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Re: Thoughts on getting correct line numbers in the byte compiler's warn

From: Alan Mackenzie
Subject: Re: Thoughts on getting correct line numbers in the byte compiler's warning messages
Date: Thu, 15 Nov 2018 16:32:00 +0000
User-agent: Mutt/1.10.1 (2018-07-13)

Hello, Stefan.

On Wed, Nov 14, 2018 at 08:34:28 -0500, Stefan Monnier wrote:
> >> Changing `eq` would better be avoided,
> > I agree, but don't see how we can avoid it.

> Oh... you mean when someone else's macro does for example

>    (defmacro ...
>      (if (eq x 'foo)
>          `(...)
>        `(...)))


> ...hmm... yes, this is getting really ugly.

> Maybe the "big cons-cells" approach is not that bad after all, since it
> doesn't try to introduce new objects which are "equal but not": it just
> introduces a subtype of cons-cells and that's that, so it's semantically
> much simpler/cleaner.

I'm not sure about that.  We'd still have to modify EQ to cope with the
new structure no matter how we do it.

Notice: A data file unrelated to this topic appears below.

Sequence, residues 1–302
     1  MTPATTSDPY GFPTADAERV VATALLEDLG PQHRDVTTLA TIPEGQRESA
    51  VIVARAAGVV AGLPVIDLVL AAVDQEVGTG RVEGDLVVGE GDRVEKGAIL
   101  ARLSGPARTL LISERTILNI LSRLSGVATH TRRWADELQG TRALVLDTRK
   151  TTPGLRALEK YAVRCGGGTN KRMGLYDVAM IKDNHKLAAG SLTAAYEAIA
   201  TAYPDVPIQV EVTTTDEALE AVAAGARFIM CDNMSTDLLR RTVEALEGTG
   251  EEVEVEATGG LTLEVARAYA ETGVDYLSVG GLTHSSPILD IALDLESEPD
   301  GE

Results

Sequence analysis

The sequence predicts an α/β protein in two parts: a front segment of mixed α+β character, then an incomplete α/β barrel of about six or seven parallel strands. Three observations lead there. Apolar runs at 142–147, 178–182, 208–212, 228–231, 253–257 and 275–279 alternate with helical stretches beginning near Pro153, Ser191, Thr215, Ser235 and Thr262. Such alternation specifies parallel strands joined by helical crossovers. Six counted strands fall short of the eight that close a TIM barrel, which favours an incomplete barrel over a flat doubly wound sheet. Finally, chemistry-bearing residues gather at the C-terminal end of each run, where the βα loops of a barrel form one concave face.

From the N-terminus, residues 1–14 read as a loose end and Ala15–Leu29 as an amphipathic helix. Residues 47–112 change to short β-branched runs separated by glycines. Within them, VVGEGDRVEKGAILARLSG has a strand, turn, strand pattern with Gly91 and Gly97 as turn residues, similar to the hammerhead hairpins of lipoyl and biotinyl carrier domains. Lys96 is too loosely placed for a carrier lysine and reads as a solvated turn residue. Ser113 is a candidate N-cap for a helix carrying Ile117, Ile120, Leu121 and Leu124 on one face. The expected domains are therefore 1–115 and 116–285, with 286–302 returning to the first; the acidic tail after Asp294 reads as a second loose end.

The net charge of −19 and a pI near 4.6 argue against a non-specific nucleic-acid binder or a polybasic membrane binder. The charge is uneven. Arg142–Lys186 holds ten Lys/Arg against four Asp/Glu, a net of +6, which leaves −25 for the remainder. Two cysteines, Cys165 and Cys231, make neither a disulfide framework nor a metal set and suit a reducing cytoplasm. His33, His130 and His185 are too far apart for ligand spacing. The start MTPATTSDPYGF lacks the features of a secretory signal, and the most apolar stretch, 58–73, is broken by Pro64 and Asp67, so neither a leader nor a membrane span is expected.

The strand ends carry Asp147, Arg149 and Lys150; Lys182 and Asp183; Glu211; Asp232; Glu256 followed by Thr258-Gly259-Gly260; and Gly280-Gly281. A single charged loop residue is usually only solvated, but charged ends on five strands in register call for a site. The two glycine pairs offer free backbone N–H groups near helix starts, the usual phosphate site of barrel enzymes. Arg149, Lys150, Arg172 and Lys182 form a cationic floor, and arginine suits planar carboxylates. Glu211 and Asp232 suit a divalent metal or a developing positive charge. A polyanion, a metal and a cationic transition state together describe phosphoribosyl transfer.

> It will require special code in alloc.c to keep the special
> representation of normal cons-cells, and special extra code to propagate
> the location information in macroexp.el, cconv.el, byte-opt.el,
> bytecomp.el but the impact should be much more localized (and at places
> where normal compilers also have to do this kind of work).

In branch scratch/accurate-warning-pos I have hacked up (but not
committed) an EQ which works with the (new as of a few days ago) PVEC
structure for symbols with position.  I am now able to byte-compile a
.el file with symbols-with-pos-enabled bound to non-nil, having sorted
out the problem that was earlier causing segfaults (probably).

This version of Emacs is slower by ~8%, but this is tempered by the EQ
implementation being extremely naive without any optimsation.  Also some
existing optimsation (e.g. #define EQ) has been commented out to enable the
files to compile.  I don't understand the relationship between "#define
EQ" and the inline function EQ at all well.  Optimsation will be surely
be possible.

>         Stefan

Alan Mackenzie (Nuremberg, Germany).

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